Wednesday, June 7, 2017

Despicable

This is sick.

The Trump Organization took in healthy profits in recent years for hosting a charity golf event to benefit children’s cancer research, despite claiming the use of the course had been donated Forbes reported Tuesday.

Since 2007, President Trump’s son Eric Trump has held an annual charity golf event at the Trump National Golf Club in Westchester County, N.Y., to raise money for the Eric Trump Foundation on behalf of the St. Jude Children’s Research Hospital in Memphis, Forbes reported. To date, Eric Trump has raised more than $11 million — including $2.9 million last year — for the hospital’s research, most of it through the golf tournaments, according to Forbes.

The costs for the tournaments averaged $50,000 during the first four years, which is about what other charities pay for events at Trump courses. But the expenses quickly began to rise, reaching $322,000 by 2015, Forbes reported, citing IRS filings.

If accurate, these figures are hard to reconcile with Eric Trump’s claims that the charity is able to use the course for free and that many other expenses are donated. “We get to use our assets 100% free of charge,” the president’s son told Forbes.

“In reviewing filings from the Eric Trump Foundation and other charities, it’s clear that the course wasn’t free — that the Trump Organization received payments for its use, part of more than $1.2 million that has no documented recipients past the Trump Organization,” Forbes reported. “Golf charity experts say the listed expenses defy any reasonable cost justification for a one-day golf tournament.”

[…]

According to Forbes, the spike in costs for the tournament started in 2011 when Donald Trump insisted the charity begin paying the Trump Organization for the events.

Ian Gillule, who worked as a membership and marketing director at the Westchester course, told Forbes that Donald Trump was not happy with the expenses the charity wasn’t being billed for.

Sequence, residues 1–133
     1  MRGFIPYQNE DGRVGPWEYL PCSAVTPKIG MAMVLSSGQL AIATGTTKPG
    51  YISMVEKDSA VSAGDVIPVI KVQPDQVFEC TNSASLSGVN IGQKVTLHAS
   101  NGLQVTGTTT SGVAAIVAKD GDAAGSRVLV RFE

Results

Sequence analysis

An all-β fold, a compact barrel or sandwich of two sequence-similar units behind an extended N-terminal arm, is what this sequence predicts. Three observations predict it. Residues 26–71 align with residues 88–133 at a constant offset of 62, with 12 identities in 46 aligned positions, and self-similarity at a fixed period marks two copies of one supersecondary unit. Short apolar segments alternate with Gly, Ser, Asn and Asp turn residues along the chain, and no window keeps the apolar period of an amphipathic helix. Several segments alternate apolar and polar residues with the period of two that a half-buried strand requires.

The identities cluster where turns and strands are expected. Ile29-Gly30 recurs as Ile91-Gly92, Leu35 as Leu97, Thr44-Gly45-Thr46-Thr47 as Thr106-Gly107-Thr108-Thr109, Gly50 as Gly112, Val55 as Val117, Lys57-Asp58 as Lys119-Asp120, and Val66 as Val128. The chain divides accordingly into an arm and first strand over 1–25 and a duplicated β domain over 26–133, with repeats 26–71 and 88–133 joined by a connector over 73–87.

“Mr. Trump had a cow,” Forbes quoted Gillule as saying. “He flipped. He was like, ‘We’re donating all of this stuff, and there’s no paper trail? No credit?’ And he went nuts. He said, ‘I don’t care if it’s my son or not — everybody gets billed.'”

There are fewer things in this world that I hate more than people who use other people’s pain for their own profit.

Thursday, May 25, 2017

High-Speed Pileup

The travails of the Trump administration are starting to pick up speed and ferocity.

First up, it appears that the statement issued by then-FBI Director James Comey last July about the investigation into Hillary Clinton’s e-mail was in part prompted by a fake e-mail slipped into the mix by the Russians.

In the midst of the 2016 presidential primary season, the FBI received what was described as a Russian intelligence document claiming a tacit understanding between the Clinton campaign and the Justice Department over the inquiry into whether she intentionally revealed classified information through her use of a private email server.

The Russian document cited a supposed email describing how then-Attorney General Loretta E. Lynch had privately assured someone in the Clinton campaign that the email investigation would not push too deeply into the matter. If true, the revelation of such an understanding would have undermined the integrity of the FBI’s investigation.

Current and former officials have said that Comey relied on the document in making his July decision to announce on his own, without Justice Department involvement, that the investigation was over. That public announcement — in which he criticized Clinton and made extensive comments about the evidence — set in motion a chain of other FBI moves that Democrats now say helped Trump win the presidential election.

But according to the FBI’s own assessment, the document was bad intelligence — and according to people familiar with its contents, possibly even a fake sent to confuse the bureau. The Americans mentioned in the Russian document insist they do not know each other, do not speak to each other and never had any conversations remotely like the ones described in the document. Investigators have long doubted its veracity, and by August the FBI had concluded it was unreliable.